Thoughts on Longevity

Celebrating 33 Years of Marriage at a Gordon Lightfoot Concert

Doug and I had already made plans for our anniversary, but then I saw that Gordon Lightfoot was playing an intimate concert on our actual wedding date. Could we pass up that opportunity?

In my memoir I recount how Doug and I sang “The Wreck of the Edmund Fitzgerald” as we paddled about on Lake Superior in a canoe on the weekend we met. Those two crooning young people still live in our memory, even if they have passed into middle age! And can you believe that Gordon Lightfoot is still performing at age 78, even after life-threatening illnesses?

I cancelled our plans for a night in the Northern Neck and bought the tickets. The Birchmere is an unusual place, for true music fans. The seating is general admission so you have to arrive early. Once you’re in the venue, you’re seated at tables and can order food and drink, so there’s the conviviality of eating a meal together. I loved meeting the people around us. (more…)

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Targeted at Target

a conversation with a stranger

Yesterday I was at Target comparing brands of facial cleanser. I am super-cheap about this kind of stuff.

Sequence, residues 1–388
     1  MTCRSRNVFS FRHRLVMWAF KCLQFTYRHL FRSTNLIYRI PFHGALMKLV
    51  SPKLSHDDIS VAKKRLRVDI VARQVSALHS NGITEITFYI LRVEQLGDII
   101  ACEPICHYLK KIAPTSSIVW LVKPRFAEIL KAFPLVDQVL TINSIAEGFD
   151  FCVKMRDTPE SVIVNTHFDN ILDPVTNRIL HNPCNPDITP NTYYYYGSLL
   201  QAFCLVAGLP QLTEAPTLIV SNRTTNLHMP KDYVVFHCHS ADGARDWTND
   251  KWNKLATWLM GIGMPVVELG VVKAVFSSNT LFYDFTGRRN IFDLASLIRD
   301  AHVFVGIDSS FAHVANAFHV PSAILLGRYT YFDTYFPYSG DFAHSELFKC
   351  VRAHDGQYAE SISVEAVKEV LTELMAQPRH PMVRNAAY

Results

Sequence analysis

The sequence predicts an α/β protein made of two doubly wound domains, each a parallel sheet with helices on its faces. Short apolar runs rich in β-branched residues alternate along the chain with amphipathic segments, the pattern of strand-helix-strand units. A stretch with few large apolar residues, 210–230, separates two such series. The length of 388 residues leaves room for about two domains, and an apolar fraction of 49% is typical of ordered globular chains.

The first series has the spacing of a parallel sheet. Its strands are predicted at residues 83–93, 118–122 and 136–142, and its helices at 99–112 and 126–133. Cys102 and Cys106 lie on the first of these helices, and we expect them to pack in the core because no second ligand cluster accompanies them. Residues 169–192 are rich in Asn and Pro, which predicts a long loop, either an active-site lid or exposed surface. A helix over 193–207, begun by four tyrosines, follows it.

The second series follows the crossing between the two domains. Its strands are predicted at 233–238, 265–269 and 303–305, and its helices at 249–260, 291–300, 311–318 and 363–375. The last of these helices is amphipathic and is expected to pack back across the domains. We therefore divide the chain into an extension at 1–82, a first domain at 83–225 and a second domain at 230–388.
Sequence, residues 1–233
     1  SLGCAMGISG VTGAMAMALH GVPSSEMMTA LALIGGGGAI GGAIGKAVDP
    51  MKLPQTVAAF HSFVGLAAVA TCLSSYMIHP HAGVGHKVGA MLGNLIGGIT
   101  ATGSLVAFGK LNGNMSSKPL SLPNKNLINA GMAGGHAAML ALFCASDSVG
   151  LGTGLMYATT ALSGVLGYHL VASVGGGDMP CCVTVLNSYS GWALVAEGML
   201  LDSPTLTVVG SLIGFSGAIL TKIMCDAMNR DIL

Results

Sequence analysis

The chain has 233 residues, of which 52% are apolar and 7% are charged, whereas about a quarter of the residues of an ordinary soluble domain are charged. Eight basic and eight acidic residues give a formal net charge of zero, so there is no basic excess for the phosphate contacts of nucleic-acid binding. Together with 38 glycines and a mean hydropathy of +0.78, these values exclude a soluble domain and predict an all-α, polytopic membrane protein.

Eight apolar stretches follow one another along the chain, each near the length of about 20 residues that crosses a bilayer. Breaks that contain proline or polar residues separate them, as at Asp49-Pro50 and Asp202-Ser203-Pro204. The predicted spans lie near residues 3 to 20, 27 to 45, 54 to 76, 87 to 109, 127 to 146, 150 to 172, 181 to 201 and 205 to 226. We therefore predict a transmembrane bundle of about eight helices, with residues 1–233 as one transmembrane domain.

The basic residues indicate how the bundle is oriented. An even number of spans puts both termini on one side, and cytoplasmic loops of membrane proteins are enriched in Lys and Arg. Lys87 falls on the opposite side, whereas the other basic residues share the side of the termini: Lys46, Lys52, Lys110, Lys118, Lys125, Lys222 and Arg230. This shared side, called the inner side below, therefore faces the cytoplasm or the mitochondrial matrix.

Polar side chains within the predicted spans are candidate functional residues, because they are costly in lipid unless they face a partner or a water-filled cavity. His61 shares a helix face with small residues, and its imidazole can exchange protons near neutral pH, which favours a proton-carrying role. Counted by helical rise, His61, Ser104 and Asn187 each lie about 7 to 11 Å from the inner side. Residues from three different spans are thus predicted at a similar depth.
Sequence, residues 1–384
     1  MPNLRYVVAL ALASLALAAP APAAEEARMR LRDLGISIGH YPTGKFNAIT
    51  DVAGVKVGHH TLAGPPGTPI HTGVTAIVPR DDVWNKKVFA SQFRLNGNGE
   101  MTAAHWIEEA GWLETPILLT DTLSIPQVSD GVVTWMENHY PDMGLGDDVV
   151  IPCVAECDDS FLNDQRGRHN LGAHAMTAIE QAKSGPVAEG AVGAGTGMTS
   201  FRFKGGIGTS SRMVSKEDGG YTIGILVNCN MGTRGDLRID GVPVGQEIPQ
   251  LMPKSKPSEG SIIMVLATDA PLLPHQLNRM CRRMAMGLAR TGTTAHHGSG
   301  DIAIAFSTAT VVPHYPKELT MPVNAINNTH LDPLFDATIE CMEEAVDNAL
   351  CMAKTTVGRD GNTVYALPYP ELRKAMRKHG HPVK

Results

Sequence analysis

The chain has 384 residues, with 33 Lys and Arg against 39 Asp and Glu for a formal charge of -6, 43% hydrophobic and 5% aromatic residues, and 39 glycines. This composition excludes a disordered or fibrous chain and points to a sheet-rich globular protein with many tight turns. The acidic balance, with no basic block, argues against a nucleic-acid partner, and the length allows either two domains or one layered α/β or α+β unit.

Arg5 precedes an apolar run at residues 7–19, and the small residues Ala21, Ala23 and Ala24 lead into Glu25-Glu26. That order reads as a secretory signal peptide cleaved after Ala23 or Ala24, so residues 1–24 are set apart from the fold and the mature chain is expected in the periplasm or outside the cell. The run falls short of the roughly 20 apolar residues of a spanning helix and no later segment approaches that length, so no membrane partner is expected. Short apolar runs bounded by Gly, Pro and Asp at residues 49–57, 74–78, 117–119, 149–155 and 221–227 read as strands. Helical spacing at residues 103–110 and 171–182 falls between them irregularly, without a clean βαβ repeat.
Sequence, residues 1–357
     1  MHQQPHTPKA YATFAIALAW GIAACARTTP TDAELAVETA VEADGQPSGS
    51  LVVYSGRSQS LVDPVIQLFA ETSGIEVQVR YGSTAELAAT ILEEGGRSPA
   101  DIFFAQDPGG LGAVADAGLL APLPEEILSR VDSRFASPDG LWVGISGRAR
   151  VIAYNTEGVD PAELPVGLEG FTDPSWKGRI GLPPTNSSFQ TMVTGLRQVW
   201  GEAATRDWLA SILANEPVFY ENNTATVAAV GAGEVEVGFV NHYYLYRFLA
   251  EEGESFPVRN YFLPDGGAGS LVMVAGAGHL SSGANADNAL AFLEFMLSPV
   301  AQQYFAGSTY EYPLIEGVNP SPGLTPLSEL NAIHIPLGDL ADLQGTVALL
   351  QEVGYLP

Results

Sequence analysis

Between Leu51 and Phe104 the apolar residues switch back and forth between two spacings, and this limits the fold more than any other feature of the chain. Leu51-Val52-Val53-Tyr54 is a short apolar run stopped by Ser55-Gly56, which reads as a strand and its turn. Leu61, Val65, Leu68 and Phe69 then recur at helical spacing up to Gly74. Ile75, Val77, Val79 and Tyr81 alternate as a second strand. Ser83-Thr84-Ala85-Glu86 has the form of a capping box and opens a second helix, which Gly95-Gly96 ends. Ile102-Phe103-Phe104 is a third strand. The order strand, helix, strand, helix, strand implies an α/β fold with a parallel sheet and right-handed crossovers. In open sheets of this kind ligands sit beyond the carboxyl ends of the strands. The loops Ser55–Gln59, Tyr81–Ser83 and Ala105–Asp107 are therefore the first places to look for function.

A woman said “Excuse me.” She was in her thirties, I would guess, a woman of olive complexion and dark hair, with an infant strapped onto her chest. She said, “I ask you in the name of Jesus.”

I must have looked confused, because she repeated it twice more. Finally I got it, and said, “Ask me what?”

She gestured to her shopping cart, which had 4 cans of Enfamil in it.

“Do you need money?” I asked.

“No! No! I need help buying these.” Her English was broken.

“Do you need help with your food stamps or something? With WIC?”

“I no have papers. I no ask for money,” she said. “I ask for my child.”

“Do you want me to take these to the register and buy them for you?” I asked. “How much do they cost?”

“Forty,” she said.

“Jiminy crickets this stuff is expensive!”

The baby started to squirm. She pulled a small bottle out of her bag. She proceeded to feed the baby, looking apologetic.

“Is that your baby?” I asked. “Can you nurse it?”

“No, I have Crohn’s disease,” she said. She gestured toward her breast, inviting me to notice that it was not full. She and I had full eye contact with each other. She looked tired and worried. The baby had a full head of dark hair, but was probably only two months old.

I thought: Maybe she is scamming me.

I thought: OK, maybe she is. I can live with that.